MORE than 11,000 foreign students left the UK after being accused of cheating in English tests – but some innocent people may have wrongly been kicked out.
A new report reveals that 82 bogus colleges lost their licences and 25 organised criminals behind the “mass fraud” were convicted in a £21million Home Office operation.
Thousands of foreign students left the UK after being accused of cheating in English tests but new research suggests that some innocent people may have been wrongfully removed[/caption]
More than 2,000 people were deported after experts claimed they had got someone else to take the language test needed for UK student visas, the public spending watchdog found.
But the National Audit Office also found that some 4,000 others have since won the right to remain in the UK despite being accused of cheating, while computer software used to check test results could not be relied upon.
Sir Amyas Morse, the head of the NAO, said: “When the Home Office acted vigorously to exclude individuals and shut down colleges involved in the English language test cheating scandal, we think they should have taken an equally vigorous approach to protecting those who did not cheat but who were still caught up in the process, however small a proportion they might be. This did not happen.”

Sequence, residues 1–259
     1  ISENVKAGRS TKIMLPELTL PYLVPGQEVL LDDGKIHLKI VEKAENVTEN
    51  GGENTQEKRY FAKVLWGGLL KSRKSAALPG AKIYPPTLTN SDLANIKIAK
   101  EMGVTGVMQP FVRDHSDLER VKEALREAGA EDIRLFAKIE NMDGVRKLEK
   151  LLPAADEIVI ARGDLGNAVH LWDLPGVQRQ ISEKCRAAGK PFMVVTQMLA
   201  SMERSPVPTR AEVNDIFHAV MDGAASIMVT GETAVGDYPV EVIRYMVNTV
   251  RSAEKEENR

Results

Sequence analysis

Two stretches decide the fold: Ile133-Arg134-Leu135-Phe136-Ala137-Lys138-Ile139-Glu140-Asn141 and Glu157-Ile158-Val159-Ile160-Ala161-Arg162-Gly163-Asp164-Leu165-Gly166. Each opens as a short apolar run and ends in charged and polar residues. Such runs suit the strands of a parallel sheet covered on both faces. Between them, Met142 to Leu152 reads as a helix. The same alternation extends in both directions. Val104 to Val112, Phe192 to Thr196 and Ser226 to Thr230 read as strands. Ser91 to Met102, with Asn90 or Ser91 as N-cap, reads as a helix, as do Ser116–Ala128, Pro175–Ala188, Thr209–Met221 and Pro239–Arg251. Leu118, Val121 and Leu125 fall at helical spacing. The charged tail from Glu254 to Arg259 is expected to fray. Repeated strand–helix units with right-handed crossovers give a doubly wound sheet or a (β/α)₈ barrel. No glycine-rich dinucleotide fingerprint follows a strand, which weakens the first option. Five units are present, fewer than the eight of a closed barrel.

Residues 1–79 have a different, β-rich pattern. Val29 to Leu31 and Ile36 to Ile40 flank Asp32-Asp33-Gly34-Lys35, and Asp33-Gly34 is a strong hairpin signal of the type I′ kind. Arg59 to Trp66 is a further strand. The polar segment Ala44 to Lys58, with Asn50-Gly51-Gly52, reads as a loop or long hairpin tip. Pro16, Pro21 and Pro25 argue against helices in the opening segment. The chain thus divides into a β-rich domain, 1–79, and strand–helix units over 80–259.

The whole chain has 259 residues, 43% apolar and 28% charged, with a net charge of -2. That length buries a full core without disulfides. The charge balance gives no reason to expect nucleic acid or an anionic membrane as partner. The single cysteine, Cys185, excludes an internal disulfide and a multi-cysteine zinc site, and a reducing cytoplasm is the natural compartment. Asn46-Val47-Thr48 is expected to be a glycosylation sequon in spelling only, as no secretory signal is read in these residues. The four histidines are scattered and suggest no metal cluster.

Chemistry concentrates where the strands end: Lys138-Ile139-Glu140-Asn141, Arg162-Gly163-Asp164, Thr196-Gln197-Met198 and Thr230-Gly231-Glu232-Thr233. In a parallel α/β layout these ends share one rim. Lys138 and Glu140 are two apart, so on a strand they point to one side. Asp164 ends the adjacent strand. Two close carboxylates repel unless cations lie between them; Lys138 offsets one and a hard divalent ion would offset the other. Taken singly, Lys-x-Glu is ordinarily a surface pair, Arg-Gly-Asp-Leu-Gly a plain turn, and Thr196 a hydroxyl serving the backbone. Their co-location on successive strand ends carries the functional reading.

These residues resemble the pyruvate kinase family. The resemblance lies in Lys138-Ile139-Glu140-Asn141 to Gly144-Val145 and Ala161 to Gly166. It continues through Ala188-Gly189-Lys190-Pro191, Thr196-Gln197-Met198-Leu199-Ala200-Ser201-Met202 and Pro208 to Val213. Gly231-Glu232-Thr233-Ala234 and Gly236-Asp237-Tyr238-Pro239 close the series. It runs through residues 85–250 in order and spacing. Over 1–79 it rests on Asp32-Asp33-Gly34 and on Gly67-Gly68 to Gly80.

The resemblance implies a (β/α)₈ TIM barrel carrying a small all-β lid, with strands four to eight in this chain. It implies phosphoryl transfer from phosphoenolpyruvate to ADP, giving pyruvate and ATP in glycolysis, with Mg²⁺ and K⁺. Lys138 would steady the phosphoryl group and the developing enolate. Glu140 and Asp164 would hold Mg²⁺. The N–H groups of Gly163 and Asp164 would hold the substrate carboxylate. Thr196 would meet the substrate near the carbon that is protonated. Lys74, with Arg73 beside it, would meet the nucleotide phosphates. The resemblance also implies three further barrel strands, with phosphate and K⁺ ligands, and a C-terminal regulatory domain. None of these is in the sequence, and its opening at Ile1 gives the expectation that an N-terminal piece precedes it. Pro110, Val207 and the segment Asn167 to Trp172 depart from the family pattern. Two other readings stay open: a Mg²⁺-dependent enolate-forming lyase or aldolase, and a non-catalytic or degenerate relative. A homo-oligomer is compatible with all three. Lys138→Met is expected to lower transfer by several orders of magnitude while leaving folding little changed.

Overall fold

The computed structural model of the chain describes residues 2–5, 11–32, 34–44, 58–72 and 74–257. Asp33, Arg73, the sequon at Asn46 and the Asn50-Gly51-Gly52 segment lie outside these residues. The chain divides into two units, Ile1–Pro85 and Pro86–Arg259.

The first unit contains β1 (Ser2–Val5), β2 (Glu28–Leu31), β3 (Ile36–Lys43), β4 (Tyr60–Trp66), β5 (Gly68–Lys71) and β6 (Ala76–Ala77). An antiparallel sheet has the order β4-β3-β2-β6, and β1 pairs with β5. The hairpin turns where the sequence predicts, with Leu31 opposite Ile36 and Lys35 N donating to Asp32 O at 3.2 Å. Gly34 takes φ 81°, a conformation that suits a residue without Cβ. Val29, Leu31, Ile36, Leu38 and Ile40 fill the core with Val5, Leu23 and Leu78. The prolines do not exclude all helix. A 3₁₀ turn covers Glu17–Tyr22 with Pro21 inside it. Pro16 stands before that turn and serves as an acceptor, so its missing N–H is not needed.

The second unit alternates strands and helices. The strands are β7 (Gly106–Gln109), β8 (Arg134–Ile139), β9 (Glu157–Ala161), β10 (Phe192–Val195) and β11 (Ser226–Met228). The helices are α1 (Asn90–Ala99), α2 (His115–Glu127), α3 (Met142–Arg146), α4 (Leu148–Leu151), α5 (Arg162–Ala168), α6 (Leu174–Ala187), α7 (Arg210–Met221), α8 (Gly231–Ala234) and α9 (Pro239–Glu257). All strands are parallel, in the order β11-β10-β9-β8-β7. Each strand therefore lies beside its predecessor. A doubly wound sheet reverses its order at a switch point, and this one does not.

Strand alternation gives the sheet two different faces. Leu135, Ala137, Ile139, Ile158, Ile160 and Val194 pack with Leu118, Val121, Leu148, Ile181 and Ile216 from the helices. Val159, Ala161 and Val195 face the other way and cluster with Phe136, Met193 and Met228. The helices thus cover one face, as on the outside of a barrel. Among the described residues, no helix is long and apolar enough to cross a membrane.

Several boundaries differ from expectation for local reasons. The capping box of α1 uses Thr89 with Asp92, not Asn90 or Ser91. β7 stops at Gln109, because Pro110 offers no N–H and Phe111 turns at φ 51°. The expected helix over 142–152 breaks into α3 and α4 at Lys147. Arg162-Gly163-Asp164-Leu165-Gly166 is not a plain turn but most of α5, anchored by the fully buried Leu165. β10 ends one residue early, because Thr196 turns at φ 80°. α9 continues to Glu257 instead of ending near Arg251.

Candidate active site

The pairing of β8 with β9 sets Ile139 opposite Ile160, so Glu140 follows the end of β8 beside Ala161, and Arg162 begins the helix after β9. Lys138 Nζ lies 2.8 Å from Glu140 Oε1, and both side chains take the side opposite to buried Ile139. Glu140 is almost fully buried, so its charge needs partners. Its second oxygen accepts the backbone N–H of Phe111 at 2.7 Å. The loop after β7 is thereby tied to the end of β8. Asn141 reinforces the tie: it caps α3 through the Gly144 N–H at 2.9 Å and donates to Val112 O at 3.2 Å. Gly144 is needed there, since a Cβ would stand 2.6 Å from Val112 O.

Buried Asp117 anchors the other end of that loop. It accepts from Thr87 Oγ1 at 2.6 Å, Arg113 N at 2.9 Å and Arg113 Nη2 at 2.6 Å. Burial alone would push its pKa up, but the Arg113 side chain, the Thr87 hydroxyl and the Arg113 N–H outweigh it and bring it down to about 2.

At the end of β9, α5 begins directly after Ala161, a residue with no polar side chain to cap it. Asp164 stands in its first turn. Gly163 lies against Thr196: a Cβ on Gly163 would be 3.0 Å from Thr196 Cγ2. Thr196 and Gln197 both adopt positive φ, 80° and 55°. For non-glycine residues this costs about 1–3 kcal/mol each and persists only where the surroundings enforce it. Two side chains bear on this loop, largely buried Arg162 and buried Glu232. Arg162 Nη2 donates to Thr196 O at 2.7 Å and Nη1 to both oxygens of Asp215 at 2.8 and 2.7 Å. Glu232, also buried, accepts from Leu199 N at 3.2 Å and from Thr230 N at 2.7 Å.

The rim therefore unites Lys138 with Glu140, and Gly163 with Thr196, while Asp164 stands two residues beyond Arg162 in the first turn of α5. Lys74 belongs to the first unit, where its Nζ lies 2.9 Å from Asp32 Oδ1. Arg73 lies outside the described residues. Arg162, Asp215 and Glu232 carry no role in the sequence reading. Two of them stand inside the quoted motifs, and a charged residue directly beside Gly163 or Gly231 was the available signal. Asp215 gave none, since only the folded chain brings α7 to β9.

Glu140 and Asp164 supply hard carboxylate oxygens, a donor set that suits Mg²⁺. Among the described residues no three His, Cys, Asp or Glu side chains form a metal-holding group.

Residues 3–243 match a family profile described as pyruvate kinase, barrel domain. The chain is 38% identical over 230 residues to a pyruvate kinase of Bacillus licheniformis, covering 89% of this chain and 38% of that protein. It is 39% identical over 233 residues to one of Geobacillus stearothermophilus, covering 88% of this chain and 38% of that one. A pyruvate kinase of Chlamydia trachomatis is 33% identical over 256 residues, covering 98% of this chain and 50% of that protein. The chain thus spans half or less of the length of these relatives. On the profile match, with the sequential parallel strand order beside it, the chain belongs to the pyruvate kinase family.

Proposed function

The scandal began five years ago when the BBC’s Panorama revealed that “fake sitters” would take English language exams for candidates applying for student visas, at £500 a time.
US-based ETS, which ran the test centres, used voice recognition software to listen back to the language exams and concluded that 97 per cent were suspicious.
The Home Office started cancelling the visas of those whose results were deemed “invalid”, but experts later questioned the computer test assessments.
Meanwhile six organised crime groups, one of which ran three colleges in Manchester, were broken up and their masterminds jailed.
As of March this year, Home Office records show 11,356 whose test results were questioned had left the UK.
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Of these, 2,468 were deported and 391 were refused re-entry to the UK.
But another 4,157 whose exams were deemed “invalid” still have some form of leave to remain, after thousands challenged decisions at immigration tribunals.
The Home Office said: “The report is clear on the scale and organised nature of the abuse, which is demonstrated by the fact that 25 people who facilitated this fraud have received criminal convictions.”
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